Six months ago, a hometown friend posted that the local LGBTQ group has a couple of vacancies on its board of directors. A year prior, this friend had encouraged me to work with him at said group. He was trying to get a trans support group started, and the occasional rant apparently made me someone worth contacting, somehow. I was six months on hormone replacement therapy (HRT) and was not feeling as “masculine” as other transmen appeared on Instagram; and obviously I was not good enough. Instead of articulating that as I just did, I dragged my feet answering messages, and when I did answer him, I was purposefully vague. Not ashamed of who I was, but ashamed of my ability to represent a group of people that I compared myself to in every fashion. If I got back the hours of scrolling while wishing I had his pecs, his abs, and their biceps, I might have enough hours in the gym to see those results.

In the ten minutes between me arriving to pick up my wife from work and her walking outside, I typed a short essay on why I should represent my queer compatriots and submitted it. My wife was shocked, I had followed through with something she had long since tired of hearing me debate with myself about. I was at a point in my transition where I could leave the house and still feel as masculine outside as inside. But outside-Asher wore headphones inside Target when alone, and spent the whole time wondering who could tell he was trans. He relinquished hope of changing jobs, leaving a stressful one for one that would quash his late-night anxiety, because said job was in a very trans affirming area of an equally conservative region. He openly denied compliments, because they went against his internal voice.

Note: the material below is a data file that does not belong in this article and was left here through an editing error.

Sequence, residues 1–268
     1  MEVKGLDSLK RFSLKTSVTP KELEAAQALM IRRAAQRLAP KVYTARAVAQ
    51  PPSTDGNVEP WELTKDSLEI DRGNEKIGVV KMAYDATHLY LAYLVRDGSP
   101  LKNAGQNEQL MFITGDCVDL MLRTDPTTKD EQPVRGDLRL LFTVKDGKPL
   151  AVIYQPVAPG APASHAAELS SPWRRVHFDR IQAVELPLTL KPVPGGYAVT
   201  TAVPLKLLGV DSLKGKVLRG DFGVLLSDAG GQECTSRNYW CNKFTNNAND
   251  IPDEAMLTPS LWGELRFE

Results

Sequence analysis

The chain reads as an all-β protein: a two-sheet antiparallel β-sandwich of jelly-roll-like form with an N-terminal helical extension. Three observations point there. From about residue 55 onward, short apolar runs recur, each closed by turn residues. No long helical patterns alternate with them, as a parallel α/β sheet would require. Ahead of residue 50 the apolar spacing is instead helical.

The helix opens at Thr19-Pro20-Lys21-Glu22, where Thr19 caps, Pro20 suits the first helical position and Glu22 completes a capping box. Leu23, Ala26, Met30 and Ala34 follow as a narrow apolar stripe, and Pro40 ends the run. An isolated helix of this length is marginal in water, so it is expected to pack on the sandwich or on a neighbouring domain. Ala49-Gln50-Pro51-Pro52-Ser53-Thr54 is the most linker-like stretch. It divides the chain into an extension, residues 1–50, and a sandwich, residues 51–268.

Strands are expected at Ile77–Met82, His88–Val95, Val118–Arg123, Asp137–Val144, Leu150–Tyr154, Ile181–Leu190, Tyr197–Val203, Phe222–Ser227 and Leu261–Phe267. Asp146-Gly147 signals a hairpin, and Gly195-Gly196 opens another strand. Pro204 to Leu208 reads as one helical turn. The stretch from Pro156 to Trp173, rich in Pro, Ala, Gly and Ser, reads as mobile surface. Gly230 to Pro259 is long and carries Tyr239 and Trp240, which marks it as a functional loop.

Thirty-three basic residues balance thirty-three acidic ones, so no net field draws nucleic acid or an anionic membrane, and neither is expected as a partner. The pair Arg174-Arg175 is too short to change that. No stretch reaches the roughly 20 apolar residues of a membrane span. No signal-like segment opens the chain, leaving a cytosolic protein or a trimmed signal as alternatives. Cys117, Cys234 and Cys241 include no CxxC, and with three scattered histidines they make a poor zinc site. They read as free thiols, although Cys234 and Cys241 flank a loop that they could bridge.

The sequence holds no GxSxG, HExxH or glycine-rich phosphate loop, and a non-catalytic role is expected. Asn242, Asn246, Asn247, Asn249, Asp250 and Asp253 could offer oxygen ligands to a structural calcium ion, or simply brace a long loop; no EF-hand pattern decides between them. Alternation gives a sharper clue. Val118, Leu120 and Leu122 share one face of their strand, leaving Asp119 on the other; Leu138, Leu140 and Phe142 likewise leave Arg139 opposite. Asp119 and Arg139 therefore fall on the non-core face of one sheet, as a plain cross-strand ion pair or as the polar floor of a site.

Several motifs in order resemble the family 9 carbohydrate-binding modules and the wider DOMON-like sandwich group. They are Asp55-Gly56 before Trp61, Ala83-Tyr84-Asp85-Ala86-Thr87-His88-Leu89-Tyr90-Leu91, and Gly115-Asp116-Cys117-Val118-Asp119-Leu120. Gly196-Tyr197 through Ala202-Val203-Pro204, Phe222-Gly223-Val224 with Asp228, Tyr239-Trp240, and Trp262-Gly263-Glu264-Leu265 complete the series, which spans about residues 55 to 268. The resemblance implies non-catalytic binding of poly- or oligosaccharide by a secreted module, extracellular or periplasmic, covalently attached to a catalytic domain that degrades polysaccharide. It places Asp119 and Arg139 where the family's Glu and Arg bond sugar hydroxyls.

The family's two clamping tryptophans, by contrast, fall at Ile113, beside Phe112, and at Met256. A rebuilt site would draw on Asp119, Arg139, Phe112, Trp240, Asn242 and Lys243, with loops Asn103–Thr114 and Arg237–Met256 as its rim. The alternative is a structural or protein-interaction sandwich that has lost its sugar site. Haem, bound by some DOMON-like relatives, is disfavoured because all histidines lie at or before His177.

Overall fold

Six months later I sit, writing this, my fifth month here at OUTloud and three hours before heading to a job that does not leave me with 50 pounds of stress each night that I futilely attempt to shake off while brushing my teeth before bed. I am planning the first queer prom for the same area that I mistakenly believed was too conservative to show me the open-arms love I have found. Monday was my two-year HRT-aversary, and I am starting another attempt to add muscle mass. Instead of belittling my past fitness hiccups, I remember that I see more of my negatives than anyone else, and even if I am (likely) not an Adonis when I hit the beach at the end of the upcoming summer, at least it will be my last summer in a binder because I also found it in me to momentarily-overcome my fear of doctors, and scheduled my consult with a top surgeon. There was no secret mantra that led me to control my own destiny more than just autopiloting myself down the easy path. I have zero clue what convinced me to apply six months ago. I can tell you that applying for jobs was a little bit easier than it had been previously; succeeding at that made a phone interview that led to month five of columns tangible. I still want to throw up every time the countdown to having my thoughts go live starts again, and when I spoke at my alma mater recently, I had a dozen awkward pauses, but I survived. I still prefer headphones-in-Target, and it is still entirely wrapped around the fear of not passing. But now when I speak about what it was like to go from fighting your loved ones for the right to kill yourself to able to laugh at my own embarrassments and own my bumpier-than-some transition with pride; I do so with the support of a community that I never knew existed, and the only thing that was stopping me from seeing that was me.

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Asher Kennedy
Asher Kennedy
Asher Kennedy is a writer, activist, trans-man and cis-nerd living an hour outside of Washington in the Eastern Panhandle of WV. He proudly serves on the board of Hagerstown Hopes (hagerstownhopesmd.org) and has been featured on RoleReboot (rolereboot.org) and is on twitter @ItsAsherK